A Canadian Perspective

Monday, January 12th

Jesse, Harvard ’16

We spent our first day in the Dumbarton Oaks Study, a dimly lit, wood-paneled library where the men among the Blisses’ circle gathered after dinner for drinks and cigars. (In a similarly purposed room connected by a hidden passageway, the ladies would convene for tea and gossip, explained James Carder during our initial tour.) However, the room has more history than that. “Much of the heavy lifting” in the Dumbarton Oaks Conversations during the Second World War, a process that led to the creation of the United Nations, “happened in this very room,” Director of Dumbarton Oaks Jan Ziolkowski pointed out.

Throughout the course of the day, I found myself imagining what haConversations opening sessionppened in this room, where the deciders did their talking, as opposed to the large Music Room, pictured below, which hosted the larger delegations. Under the weight of a new international order forming, did they have time to look up at any point and notice the ceiling pattern and its flowers, an echo of the gardens outside?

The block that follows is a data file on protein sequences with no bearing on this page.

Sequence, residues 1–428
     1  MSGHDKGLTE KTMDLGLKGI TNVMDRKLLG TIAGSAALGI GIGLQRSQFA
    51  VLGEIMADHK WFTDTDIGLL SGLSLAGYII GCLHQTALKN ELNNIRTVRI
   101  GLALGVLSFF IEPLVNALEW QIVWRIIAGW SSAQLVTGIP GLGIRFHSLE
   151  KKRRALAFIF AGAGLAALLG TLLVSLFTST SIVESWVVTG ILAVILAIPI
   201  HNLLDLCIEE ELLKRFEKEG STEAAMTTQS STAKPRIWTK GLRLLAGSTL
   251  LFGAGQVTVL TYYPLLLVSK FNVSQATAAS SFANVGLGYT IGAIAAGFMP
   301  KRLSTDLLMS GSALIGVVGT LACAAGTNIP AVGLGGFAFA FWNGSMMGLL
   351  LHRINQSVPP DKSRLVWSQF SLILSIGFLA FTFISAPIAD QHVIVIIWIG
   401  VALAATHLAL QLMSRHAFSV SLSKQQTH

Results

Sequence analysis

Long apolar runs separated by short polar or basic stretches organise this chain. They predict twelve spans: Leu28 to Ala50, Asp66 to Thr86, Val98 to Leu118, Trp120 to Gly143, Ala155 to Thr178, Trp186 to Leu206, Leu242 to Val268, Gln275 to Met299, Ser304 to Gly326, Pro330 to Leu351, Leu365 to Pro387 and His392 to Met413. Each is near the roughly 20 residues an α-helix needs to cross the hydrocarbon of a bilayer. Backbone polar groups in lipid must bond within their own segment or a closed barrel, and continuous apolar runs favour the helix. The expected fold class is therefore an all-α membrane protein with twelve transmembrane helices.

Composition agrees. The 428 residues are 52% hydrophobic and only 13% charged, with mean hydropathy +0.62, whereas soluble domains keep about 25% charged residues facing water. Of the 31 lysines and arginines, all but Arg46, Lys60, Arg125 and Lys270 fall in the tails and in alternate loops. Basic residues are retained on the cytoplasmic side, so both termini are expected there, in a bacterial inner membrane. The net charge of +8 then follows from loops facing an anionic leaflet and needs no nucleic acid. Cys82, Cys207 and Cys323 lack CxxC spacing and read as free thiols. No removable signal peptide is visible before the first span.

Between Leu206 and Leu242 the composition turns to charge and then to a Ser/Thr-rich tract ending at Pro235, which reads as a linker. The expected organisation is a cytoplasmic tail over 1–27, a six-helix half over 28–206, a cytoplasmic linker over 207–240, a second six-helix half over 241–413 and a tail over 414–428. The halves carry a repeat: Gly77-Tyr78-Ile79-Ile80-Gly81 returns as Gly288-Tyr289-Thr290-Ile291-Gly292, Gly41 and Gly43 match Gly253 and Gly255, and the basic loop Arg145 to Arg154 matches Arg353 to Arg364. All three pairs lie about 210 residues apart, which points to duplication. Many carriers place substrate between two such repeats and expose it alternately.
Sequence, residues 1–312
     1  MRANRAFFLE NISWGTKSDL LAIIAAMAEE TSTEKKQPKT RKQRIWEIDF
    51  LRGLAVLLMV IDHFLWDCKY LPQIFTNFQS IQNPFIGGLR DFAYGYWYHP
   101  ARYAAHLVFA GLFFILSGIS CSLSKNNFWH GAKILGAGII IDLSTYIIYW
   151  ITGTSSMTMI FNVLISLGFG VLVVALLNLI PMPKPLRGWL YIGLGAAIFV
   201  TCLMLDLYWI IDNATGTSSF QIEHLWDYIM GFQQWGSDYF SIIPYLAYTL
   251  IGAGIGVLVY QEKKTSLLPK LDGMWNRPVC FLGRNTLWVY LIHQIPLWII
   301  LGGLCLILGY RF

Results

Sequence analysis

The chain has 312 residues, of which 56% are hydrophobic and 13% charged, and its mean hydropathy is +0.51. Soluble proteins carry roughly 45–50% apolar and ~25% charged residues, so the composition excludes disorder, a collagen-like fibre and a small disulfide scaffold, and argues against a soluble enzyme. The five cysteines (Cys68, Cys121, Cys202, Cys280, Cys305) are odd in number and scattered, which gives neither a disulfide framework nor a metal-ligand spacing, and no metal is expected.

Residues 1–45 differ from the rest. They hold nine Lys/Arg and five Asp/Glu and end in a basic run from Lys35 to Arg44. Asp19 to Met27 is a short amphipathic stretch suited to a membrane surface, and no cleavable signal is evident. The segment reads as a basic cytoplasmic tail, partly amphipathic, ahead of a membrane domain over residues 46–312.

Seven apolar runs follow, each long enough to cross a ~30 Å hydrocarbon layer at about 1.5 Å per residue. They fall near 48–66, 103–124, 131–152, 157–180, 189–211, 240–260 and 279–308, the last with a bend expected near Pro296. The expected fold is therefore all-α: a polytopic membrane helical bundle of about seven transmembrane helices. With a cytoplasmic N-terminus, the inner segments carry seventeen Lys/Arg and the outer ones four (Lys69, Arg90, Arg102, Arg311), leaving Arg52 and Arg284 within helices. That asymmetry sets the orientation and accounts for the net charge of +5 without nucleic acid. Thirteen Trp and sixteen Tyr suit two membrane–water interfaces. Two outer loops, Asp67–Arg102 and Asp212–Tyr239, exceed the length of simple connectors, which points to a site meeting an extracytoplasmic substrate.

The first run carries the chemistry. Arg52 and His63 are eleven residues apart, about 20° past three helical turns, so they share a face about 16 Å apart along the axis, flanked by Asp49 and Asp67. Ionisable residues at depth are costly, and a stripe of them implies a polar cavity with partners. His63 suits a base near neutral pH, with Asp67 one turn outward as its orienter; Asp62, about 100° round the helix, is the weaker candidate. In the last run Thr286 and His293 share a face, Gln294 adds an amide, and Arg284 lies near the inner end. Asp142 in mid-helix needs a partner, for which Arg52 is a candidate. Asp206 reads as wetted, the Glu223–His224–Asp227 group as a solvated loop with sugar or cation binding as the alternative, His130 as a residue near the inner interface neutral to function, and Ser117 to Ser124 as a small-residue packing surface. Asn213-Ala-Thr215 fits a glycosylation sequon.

The setting prompted me to reflect on Prime Minister William Lyon Mackenzie King and Canada’s long history of international leadership and its role in the United Nations. Adam Chapnick’s The Middle Power Project: Canada and the Founding of the United Nations describes the perhaps disappointing role the Dumbarton Oaks Conversations played in Canada’s emergence as a nominal “middle power.” While not a superpower like the United States or Soviet Union, or great power like Great Britian, Canada was one of the primary Allies in the Second World War and rose to be among the strongest of the West’s, if not the world’s, middle-sized players.

The tone of that strength was represented by William Lyon Mackenzie King, one of the most important of Canada’s prime ministers, who served four terms and twenty-two years, from the 1920s through the 1940s, longer than any prime minister before or since. Revelant to the legacy of this room, as we explore the interstitial space between in arts and power,  philanthropy and diplomacy,  was his decision not to demand a voice in the conversations hosted at Dumbarton Oaks, but instead to let British ambassadors express and dictate Canadian interests.

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